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3/8/2021
DICK ELLIS Are state population numbers far understated? Wisconsin hunters took just three days to harvest 216 wolves during the February hunt, reinforcing the belief of thousands of Wisconsin sportsmen that the official stated population of 1195 wolves is significantly below the actual count. The harvest of 216 wolves is 8 percent over the harvest quota of 200 wolves unanimously voted for by the Natural Resources Board on February 15. Headi...
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ON THE TRAPLINE WITH ARNIE GROEHLER

Trapping in Wisconsin

TRYING TO CATCH WILEY-E-COYOTE: NOV 10-16

THIS IS NOT THE SAME COYOTE OF OLD

Of all the animal species that I trap, coyotes give me the most grief. Unlike animals like raccoons and muskrats which are creatures of habit, and can be caught the very next night, coyotes are quite unpredictable. I would put them on par with a trophy whitetail or black bear, in difficulty to catch. You pay your dues, in time and energy expired, trying to catch them.

I have spent many a night tossing and turning, mulling over potential strategies to outsmart a particular coyote. They are extremely intelligent, have refined senses and are tough to pattern. No two are the same, as each seems to have different personality traits. Some are bold and aggressive and will respond to your trap sets right away, while others will completely vacate the area the minute your traps are in place. All of this adds up to a degree of frustration that leads many trappers to not even try and go after them. So when I do catch a coyote, especially a large "Alpha-male," it gives me a real sense of accomplishment.

The coyotes of today are much different than when I first started trapping. Back in the 1960's a coyote found in Southern Wisconsin would be around twenty pounds and run as a single or pair. Their primary food source would be mice, rabbits and small animals. They were rather shy, seldom seen, and always kept their distance from human activity.

The coyotes that I catch today are a much larger animal altogether. They average about thirty pounds, with many of the adult males pushing fifty pounds. Some have speculated that this increase in size was the result from interbreeding with domestic dogs. I am not sure. They also have taken to running in packs, or extended family groups, similar to wolves. With this increase in size and pack numbers, the coyote has developed a need to capture larger food sources. As many hunters with game cameras can verify, coyotes take down a lot of deer, not only fawns but many times healthy adult does and bucks. If a hunter should wound a deer, and not recover it before nightfall, often the coyotes will locate it first, and not leave much.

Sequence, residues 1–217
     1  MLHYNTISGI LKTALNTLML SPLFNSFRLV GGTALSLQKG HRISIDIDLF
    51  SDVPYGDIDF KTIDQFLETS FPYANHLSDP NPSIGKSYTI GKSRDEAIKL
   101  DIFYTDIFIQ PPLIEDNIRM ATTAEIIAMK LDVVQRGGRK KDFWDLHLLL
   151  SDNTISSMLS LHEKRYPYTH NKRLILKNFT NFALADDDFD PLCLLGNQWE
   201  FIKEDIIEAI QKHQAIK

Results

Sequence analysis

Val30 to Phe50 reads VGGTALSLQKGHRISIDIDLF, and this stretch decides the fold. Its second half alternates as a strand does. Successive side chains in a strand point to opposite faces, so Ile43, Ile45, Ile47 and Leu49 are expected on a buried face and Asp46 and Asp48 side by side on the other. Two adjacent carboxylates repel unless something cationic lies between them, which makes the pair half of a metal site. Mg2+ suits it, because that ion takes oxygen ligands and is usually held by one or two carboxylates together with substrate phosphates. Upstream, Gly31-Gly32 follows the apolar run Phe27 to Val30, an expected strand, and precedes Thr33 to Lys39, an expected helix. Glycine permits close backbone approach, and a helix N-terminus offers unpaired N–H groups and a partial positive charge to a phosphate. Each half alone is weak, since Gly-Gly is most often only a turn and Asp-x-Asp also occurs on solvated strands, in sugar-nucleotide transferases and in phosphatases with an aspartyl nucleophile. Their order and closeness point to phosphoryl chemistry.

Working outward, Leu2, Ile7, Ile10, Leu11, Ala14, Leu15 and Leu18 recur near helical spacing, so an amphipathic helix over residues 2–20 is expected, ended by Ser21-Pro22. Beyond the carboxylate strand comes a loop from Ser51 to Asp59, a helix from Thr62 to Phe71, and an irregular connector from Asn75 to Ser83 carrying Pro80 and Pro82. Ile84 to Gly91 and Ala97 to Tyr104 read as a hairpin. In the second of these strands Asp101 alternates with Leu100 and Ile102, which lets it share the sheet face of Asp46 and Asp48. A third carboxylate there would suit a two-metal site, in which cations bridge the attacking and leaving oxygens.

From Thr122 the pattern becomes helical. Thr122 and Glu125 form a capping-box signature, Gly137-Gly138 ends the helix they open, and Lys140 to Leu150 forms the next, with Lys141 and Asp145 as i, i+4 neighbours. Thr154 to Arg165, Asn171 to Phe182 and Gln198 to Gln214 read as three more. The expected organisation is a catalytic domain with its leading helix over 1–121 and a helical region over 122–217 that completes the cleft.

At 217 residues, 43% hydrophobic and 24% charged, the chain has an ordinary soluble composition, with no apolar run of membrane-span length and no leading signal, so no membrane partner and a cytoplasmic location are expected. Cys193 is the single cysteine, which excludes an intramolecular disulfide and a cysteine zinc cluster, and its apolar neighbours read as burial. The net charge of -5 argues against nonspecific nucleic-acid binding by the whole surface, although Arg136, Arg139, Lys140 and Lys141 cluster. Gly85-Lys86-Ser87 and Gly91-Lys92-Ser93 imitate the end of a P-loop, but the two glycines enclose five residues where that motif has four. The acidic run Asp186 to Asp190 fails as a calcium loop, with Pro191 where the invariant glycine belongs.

Perhaps the biggest difference I see today is how coyotes are starting to lose their fear of man. This is especially true in the urban areas. I get many frantic calls from folks in the suburbs who have packs of coyotes prowling their back yards. These same urban coyotes have developed a taste for our pets. Why expend a lot of energy chasing rabbits when they can just wait for you to let your dog or cat out. With many towns and villages enacting no-hunting or firearm discharge ordinances, the wild animal populations are starting to explode. I have come to believe that there is now more wildlife within the city limits than out in the countryside.

HOW WOULD THE ROAD RUNNER CATCH A COYOTE?

There are many trap set methods to catching coyotes. Most appeal to a basic need: food, sex, guarding territory, or curiosity. The key is to provide a certain smell or bait that catches their attention and triggers a desire to investigate. Conceal your trap in the approach to this smell and you should have a chance at getting the coyote to place his foot exactly on the trap pan, a 2" x 2" area.

Because of their keen senses, they can tell that whatever bait or smell you have placed, it was put there by a human, and they approach with caution. I have observed their tracks in the snow circling my set location up to thirty times before feeling confident enough for that final approach. Even when you do catch the coyote it does not mean that your trap will be able to hold them. Coyotes are powerful animals and never stop trying to escape once caught unlike most other animals, like raccoons, who are often sound asleep as I approach them the next morning while checking my traps.

coyotes trapped in Wisconsin

All of the equipment needed to trap coyotes must be heavy duty. Coyotes have strong jaws with crushing force that can break open trap chain links. They will test your equipment; one weak link and they are gone. I will often set several traps in one given location, hoping for multiple catches, as a pack comes by. This also comes in handy should a possum arrive before the coyotes, and get caught. You will still have a few other traps set and ready.